What Does the LGBT Pay Gap Look Like?

by Emma Cueto

Over the past year or so, the gender pay gap has gotten a lot of attention here in the US; so, to a lesser extent, has the race pay gap. Now, an Australian study has added an important and hitherto missing element to the conversation: The LGBT pay gap. All I can say is, it's about time.

Based on a new report from professors at the University of Melborne, it seems that there is indeed an LGBT pay gap, at least in Australia. Going off of the 2012 Australia HILDA survey, which included responses from over 10,000 people, they found that gay men, on average, earn 18 percent less than their straight, male counterparts. Gay men are also more likely to be unemployed and to face additional difficulty when it comes to career advancement.

Employer discrimination is likely a major part of the explanation for these wage gaps, especially in the case of gay men,” explained Professor Wooden, one of the authors behind the study. And, in fact, discrimination seems especially likely given the report also found that the pay gap tends to be larger for gay men who openly live with a partner.

So much for the stereotypes that gay couples are always rich because they tend to have "dual income, no kids."

Interestingly, for lesbians, the researchers actually found that overall lesbians earn 33 percent more than straight women; however, it's not due to being favored in the workplace so much as it is to being less likely to have children. As of 2012 in Australia, 59 percent of straight women aged 30 to 49 had children, compared to only 22 percent of lesbians, meaning lesbians are more likely to work more hours and less likely to take time away from their careers.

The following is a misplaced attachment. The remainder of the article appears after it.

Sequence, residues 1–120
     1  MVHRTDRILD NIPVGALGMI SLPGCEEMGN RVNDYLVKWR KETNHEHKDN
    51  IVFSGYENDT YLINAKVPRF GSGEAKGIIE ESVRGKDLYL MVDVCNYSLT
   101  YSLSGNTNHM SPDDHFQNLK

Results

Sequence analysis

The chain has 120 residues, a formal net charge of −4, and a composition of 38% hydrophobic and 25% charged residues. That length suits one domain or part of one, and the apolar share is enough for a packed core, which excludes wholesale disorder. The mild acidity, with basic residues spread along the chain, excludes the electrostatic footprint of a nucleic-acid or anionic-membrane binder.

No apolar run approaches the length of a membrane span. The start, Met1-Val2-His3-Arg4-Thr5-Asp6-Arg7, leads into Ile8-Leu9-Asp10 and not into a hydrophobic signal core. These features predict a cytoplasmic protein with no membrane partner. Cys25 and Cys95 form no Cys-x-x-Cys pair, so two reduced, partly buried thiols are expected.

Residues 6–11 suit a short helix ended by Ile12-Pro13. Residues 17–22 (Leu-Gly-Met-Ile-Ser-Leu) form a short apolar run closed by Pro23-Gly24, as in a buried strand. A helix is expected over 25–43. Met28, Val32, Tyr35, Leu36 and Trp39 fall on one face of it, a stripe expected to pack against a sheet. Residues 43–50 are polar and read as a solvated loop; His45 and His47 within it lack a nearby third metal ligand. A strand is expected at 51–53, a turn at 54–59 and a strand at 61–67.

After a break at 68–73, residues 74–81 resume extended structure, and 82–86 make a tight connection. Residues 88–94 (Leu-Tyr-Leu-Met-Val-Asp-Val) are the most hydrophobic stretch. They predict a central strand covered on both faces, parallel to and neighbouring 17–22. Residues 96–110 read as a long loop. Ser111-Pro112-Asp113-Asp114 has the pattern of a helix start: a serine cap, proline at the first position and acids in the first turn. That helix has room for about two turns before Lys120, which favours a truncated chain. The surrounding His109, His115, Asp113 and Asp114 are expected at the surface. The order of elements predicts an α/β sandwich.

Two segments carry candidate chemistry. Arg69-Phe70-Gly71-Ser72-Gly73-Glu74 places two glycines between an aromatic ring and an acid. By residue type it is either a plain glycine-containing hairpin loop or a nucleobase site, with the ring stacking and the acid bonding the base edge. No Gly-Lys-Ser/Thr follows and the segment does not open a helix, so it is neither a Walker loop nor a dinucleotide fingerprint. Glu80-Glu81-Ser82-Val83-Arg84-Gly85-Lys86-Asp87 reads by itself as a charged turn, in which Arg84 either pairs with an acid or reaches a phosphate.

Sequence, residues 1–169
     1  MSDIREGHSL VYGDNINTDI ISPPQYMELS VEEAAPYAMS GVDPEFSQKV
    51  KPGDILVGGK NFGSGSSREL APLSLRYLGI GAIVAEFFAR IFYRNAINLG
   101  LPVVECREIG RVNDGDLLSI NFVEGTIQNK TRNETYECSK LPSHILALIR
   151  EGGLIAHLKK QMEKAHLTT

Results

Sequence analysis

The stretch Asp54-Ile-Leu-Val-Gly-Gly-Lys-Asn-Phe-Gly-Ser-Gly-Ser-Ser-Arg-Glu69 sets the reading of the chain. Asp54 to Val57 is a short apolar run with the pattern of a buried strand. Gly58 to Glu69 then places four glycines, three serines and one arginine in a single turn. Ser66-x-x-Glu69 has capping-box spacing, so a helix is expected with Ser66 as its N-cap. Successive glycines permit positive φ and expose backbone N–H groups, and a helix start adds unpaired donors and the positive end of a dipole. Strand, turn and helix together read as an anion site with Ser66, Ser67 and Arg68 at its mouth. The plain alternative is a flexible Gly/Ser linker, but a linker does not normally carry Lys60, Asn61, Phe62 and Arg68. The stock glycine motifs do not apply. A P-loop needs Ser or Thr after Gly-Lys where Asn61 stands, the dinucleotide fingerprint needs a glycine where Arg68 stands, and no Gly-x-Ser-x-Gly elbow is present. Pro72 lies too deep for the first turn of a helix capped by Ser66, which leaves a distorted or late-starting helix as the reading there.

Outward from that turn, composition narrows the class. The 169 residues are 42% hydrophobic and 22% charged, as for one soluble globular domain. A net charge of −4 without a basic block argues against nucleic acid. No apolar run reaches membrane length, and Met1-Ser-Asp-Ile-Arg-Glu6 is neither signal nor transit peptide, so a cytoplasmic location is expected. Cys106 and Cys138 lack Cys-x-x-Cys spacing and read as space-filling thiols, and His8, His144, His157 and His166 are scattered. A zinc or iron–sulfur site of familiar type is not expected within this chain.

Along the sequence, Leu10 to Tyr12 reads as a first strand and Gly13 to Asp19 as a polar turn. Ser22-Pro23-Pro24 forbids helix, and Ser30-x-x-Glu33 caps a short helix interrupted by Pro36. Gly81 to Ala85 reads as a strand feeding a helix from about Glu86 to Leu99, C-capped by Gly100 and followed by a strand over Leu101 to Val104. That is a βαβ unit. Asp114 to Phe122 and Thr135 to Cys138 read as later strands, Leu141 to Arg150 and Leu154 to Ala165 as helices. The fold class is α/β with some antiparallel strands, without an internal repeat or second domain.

“Lesbian women, predominantly, the reason why they earn more is because they work more,” Professor Woodsen told BuzzFeed News. “They don’t earn any more per hour.” Still, in terms of total income, not having kids does have an advantage.

And as for bisexuals, the study found that both bi men and women tended to experience lower wage growth over the course of their career than their straight counterparts. They also found that bi women were up to 18 percent less likely to be employed than straight women.

The report does not seem to have looked closely at transgender earnings in Australia.

So how does that compare with the US? Well, there doesn't seem to be as much research on the LGBT wage gap as there is for women or people of color, but what findings we do have are broadly consistent with the Australian study. Gay men in the US earn 10 to 32 percent less than their straight counterparts, while lesbians in the US still out-earn straight women in terms of total income. Also, according to the National Transgender Discrimination Survey, trans people in the US are four times as likely to have an annual income below $10,000 than cis people.

In other words, the LGBT pay gap is real, and can be found all over the world. This, of course, in addition to other forms of discrimination.

So how do we fix it? Well, we can start by talking about it. As long as there's going to be a national conversation about pay inequality — and there should continue to be a national conversation about pay inequality as long as the problem persists — then we should not only focus on gender — and not only pay more attention to race — but also include the issues faced by LGBT people in the workforce in the conversation. Because the work isn't going to be over until every group has equal pay, so we might as well be talking about it now.

Image: Giphy